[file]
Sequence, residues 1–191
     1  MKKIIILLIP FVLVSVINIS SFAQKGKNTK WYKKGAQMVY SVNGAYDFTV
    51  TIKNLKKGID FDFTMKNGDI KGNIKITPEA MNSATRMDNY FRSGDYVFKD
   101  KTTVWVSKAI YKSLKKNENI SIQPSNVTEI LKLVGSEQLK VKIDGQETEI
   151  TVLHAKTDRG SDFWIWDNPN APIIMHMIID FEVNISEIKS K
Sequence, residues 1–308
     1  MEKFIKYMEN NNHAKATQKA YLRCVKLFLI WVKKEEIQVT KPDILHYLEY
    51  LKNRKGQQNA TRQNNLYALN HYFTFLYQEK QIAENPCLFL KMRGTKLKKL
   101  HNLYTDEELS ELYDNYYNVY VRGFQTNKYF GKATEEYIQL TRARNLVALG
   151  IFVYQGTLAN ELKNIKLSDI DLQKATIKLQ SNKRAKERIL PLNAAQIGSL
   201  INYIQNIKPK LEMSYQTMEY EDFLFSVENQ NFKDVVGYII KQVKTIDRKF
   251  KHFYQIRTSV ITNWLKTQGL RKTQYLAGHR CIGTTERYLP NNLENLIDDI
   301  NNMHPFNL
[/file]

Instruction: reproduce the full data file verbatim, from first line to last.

Sequence, residues 1–191
     1  MKKIIILLIP FVLVSVINIS SFAQKGKNTK WYKKGAQMVY SVNGAYDFTV
    51  TIKNLKKGID FDFTMKNGDI KGNIKITPEA MNSATRMDNY FRSGDYVFKD
   101  KTTVWVSKAI YKSLKKNENI SIQPSNVTEI LKLVGSEQLK VKIDGQETEI
   151  TVLHAKTDRG SDFWIWDNPN APIIMHMIID FEVNISEIKS K
Sequence, residues 1–308
     1  MEKFIKYMEN NNHAKATQKA YLRCVKLFLI WVKKEEIQVT KPDILHYLEY
    51  LKNRKGQQNA TRQNNLYALN HYFTFLYQEK QIAENPCLFL KMRGTKLKKL
   101  HNLYTDEELS ELYDNYYNVY VRGFQTNKYF GKATEEYIQL TRARNLVALG
   151  IFVYQGTLAN ELKNIKLSDI DLQKATIKLQ SNKRAKERIL PLNAAQIGSL
   201  INYIQNIKPK LEMSYQTMEY EDFLFSVENQ NFKDVVGYII KQVKTIDRKF
   251  KHFYQIRTSV ITNWLKTQGL RKTQYLAGHR CIGTTERYLP NNLENLIDDI
   301  NNMHPFNL